Bhushan moves to SC over political parties and RTI


Association for Democratic Reforms and the Right to Information activist Subhash Agrawal have moved to Supreme Court asking for national and regional parties to be brought under the ambit of RTI act.

The plea, filed through the SC lawyer Prashant Bhushan, also urged the court to direct all such parties to disclose details regarding their income and expenditure.

Prof. Jagdeep Chhokar of ADR said, “This petition has been necessitated by the arrogant defiance of the lawful decision of the Central Information Commission by six national political parties. The decision of the Supreme Court will determine whether the law of the land applies to political parties or are political parties above the law. We certainly hope the Supreme Court will uphold the law,”

On June 3, 2013, the Central Information Commission had declared six national political parties, the INC, BJP, CPI(M), CPI, NCP and BSP to be “public authorities” under Section 2(h) of the RTI Act.
The CIC in its order had directed these political parties to designate “CPIOs and the Appellate Authorities at their headquarters within six weeks time.”

It further said, “The CPIOs so appointed will respond to the RTI applications extracted in this order in 04 weeks time. Besides, the Presidents/General Secretaries of the above mentioned Political Parties are also directed to comply with the provisions of section 4(1) (b) of the RTI Act by way of making voluntary disclosures on the subjects mentioned in the said clause. ”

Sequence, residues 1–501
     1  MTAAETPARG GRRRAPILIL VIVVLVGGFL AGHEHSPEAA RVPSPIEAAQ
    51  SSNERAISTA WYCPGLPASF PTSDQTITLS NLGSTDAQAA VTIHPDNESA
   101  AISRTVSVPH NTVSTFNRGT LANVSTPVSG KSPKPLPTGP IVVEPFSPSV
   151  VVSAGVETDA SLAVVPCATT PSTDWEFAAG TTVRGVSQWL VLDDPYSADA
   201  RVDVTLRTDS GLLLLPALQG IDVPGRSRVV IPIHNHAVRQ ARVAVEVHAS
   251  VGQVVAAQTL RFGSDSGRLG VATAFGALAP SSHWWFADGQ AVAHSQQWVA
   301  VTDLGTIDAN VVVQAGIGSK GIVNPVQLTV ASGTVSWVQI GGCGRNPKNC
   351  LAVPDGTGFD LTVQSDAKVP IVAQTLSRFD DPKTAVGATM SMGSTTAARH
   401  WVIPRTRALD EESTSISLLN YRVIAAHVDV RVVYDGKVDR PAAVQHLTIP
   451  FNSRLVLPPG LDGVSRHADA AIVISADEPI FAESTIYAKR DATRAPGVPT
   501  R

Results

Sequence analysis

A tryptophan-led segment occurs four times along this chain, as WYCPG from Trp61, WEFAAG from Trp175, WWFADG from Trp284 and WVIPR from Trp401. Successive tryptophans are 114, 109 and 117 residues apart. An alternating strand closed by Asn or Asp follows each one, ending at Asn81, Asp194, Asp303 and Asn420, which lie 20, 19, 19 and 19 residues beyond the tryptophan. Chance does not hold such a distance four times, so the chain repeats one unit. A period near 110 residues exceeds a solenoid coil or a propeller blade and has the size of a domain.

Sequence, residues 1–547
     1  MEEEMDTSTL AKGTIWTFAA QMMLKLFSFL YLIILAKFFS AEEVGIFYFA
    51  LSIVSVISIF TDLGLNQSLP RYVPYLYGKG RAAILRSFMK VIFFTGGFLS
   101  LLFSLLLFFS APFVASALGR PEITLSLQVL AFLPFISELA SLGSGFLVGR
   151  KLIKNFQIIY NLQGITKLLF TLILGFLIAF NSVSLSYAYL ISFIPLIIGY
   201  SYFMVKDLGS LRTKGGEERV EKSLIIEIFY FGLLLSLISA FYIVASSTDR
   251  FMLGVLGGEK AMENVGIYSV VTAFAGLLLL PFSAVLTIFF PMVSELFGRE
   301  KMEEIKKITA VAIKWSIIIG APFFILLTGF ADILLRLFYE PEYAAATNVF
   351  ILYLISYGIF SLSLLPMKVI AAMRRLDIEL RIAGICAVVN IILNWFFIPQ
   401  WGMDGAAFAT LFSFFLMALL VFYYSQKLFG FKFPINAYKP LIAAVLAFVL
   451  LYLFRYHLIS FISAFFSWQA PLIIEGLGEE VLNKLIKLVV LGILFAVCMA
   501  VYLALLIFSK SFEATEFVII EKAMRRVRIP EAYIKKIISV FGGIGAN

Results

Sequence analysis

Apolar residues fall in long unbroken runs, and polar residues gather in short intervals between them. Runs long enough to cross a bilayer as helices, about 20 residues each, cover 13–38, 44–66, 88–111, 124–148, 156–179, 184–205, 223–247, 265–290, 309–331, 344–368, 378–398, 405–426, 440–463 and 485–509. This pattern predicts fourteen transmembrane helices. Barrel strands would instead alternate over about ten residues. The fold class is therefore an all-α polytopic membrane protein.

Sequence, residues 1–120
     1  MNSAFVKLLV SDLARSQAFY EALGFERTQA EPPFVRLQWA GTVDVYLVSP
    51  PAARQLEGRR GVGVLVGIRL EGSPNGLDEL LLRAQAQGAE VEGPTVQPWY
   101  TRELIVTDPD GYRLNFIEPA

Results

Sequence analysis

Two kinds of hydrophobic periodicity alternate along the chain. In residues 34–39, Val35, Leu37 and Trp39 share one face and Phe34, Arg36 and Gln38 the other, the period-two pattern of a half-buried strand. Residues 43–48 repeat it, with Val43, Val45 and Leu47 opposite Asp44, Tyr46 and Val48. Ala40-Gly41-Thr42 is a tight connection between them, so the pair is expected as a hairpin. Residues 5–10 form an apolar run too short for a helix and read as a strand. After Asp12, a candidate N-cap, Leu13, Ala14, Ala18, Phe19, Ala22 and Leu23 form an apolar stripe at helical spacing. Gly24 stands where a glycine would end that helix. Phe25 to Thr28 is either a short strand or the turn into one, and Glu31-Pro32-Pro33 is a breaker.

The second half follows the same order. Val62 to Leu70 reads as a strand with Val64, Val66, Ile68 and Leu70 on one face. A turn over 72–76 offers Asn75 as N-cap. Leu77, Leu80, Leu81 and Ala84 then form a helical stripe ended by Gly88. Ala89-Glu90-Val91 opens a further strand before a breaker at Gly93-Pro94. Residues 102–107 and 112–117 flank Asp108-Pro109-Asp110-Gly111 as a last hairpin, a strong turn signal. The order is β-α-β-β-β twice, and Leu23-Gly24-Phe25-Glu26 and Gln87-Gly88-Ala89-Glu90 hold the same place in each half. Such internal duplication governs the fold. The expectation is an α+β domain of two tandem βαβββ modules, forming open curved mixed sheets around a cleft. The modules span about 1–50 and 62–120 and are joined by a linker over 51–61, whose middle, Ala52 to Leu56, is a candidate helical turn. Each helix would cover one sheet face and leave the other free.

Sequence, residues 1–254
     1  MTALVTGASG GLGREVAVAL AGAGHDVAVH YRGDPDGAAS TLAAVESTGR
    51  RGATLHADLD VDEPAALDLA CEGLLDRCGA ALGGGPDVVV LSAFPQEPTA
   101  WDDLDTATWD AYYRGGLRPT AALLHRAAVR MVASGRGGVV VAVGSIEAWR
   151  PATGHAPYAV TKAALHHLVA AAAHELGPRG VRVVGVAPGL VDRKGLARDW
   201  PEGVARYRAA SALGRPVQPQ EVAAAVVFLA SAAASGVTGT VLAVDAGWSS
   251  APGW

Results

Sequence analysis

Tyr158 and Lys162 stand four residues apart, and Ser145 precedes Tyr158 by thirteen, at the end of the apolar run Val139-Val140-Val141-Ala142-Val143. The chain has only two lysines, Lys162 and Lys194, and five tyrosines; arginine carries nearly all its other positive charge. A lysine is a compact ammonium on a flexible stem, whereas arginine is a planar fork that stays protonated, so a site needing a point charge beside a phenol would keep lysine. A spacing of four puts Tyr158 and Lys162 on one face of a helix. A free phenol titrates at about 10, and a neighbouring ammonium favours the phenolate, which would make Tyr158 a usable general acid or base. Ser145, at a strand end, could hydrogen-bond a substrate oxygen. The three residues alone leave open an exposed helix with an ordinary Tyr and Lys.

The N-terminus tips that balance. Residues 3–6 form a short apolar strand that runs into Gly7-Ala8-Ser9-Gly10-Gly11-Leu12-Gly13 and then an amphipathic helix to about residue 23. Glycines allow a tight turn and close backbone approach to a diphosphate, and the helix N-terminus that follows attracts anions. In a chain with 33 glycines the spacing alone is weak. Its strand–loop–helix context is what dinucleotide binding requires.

The political parties in question failed to comply with the Commission’s order even 22 months after the original order. This prompted the CIC to issue another reminder on March 16, 2015 stating that its original order was ‘legally correct’ and ‘final.’ The CIC, however, lamented that the current RTI act didn’t give the commission enough power to take stringent actions for contempt or non-compliance of its order.

According to some reports, there are over 37,000 RTI queries pending with the CIC, which has been functioning without a Chief Information Commissioner for nine months now. Delhi high court in April had asked the Centre to expedite the process of appointment of the CIC chief at the earliest.

On May 11, the central government informed the Delhi HC that the process of appointing the CIC head and other information commissioners was “at an advanced stage.”

Grounds complainants have used to file this petition:

  • Under 10th Schedule of the Constitution, political parties enjoy a stronghold over their elected MPs/MLAs and this power is not only confined to the manner of voting but it also extends to their conduct.
  • Under Section 29A of the Representation of People Act, 1951 all political parties specifically affirm to bear true faith and allegiance to the Constitution and such allegiance is made compulsory for the purpose of registration.
  • Political Parties enjoy a total tax exemption under Section 13A of the Income Tax Act.
  • Political parties receive huge sums of money in the form of donations and contributions from corporate, trusts and individuals.
  • Political parties also adopt the coupon system for the purposes of collecting funds and majority of the cash donations received by them remain unaccounted.
  • Information about political parties, their income, expenditure and details of donors is not disclosed by political parties for public scrutiny.
  • Law Commission of India had in its 170th Report on ‘Reform of the Electoral Laws’ dated May 29, 1999 as well as in its 255th Report on ‘Electoral Reforms’ dated March 12, 2015 recommended for transparency and accountability in the functioning of political parties.
  • Election Commission of India had also in its report on ‘Proposed Electoral Reforms’ (2004) made recommendations for compulsory maintenance and auditing of accounts of political parties.